Are you behind on your payroll taxes? It’s a very big deal.
The IRS takes a dim view of failing to pay your payroll taxes. In fact, the IRS views it as theft of the government’s money and even has a hotline to report an employer if their employment taxes are not being paid.
Sec. 6672(a) provides that “any person required to collect, truthfully account for, and pay over any tax imposed by” the Internal Revenue Code who willfully fails to do so, will, “in addition to other penalties provided by law, be liable to a penalty equal to the total amount of the tax … not collected … and paid over.” Therefore, the penalty can be imposed on any responsible person, regardless of the entity type or even whether the person owns any part of the entity.
Although the responsible person and the willful failure tests have to be met for the trust fund recovery penalty to apply, once the penalty is assessed, the person held responsible has the burden of disproving these two elements.
If your company is not paying payroll taxes timely you need to be aware that the IRS is aggressive in pursuing these cases and in assessing the trust fund penalty. The IRS sees payroll taxes as the government’s money and believes those who have not paid are taking their money. Unpaid trust fund taxes can add up quickly, and the trust fund penalty and the penalty is not dischargeable in bankruptcy. In fact, failing to pay trust fund taxes can lead to criminal charges. Under Sec. 7202, a willful failure to pay over or collect tax is a felony punishable by up to a $10,000 fine or five years in prison, or both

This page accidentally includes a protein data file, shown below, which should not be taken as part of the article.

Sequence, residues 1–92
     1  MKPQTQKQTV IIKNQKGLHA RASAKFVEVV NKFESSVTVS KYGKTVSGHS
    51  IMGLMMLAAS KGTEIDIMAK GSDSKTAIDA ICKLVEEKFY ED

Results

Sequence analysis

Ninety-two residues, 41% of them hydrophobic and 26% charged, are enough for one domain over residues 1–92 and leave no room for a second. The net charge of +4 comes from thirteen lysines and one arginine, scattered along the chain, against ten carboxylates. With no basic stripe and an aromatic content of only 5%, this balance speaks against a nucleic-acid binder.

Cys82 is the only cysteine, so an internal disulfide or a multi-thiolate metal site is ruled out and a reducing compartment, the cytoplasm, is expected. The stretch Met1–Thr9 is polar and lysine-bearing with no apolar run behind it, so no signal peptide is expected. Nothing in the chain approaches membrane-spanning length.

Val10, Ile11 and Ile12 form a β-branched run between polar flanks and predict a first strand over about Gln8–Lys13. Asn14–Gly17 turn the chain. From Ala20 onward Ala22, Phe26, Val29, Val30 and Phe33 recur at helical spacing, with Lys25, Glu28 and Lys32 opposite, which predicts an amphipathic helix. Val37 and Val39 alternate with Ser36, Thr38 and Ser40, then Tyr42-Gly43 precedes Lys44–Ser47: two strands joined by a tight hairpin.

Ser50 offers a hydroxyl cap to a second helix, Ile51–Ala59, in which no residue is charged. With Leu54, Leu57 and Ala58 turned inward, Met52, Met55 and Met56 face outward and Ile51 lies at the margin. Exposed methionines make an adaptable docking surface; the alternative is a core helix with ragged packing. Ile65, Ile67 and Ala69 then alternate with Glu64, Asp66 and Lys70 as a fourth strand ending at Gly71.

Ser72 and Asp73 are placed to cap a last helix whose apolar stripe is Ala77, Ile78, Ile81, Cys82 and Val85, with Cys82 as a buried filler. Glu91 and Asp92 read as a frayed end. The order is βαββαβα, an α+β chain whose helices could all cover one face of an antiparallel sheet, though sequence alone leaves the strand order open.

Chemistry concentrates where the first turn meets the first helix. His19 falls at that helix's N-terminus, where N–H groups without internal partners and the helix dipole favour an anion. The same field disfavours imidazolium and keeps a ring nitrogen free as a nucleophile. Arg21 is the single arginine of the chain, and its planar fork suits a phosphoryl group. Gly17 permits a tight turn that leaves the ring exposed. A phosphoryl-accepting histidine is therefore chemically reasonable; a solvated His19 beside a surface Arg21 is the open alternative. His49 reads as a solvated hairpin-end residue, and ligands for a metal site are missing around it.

If you are behind on your payroll taxes, DO NOT meet with the IRS on your own. You need to hire a professional representative who knows how to handle these cases. Contact IRS Hostage Negotiators and let’s get to work.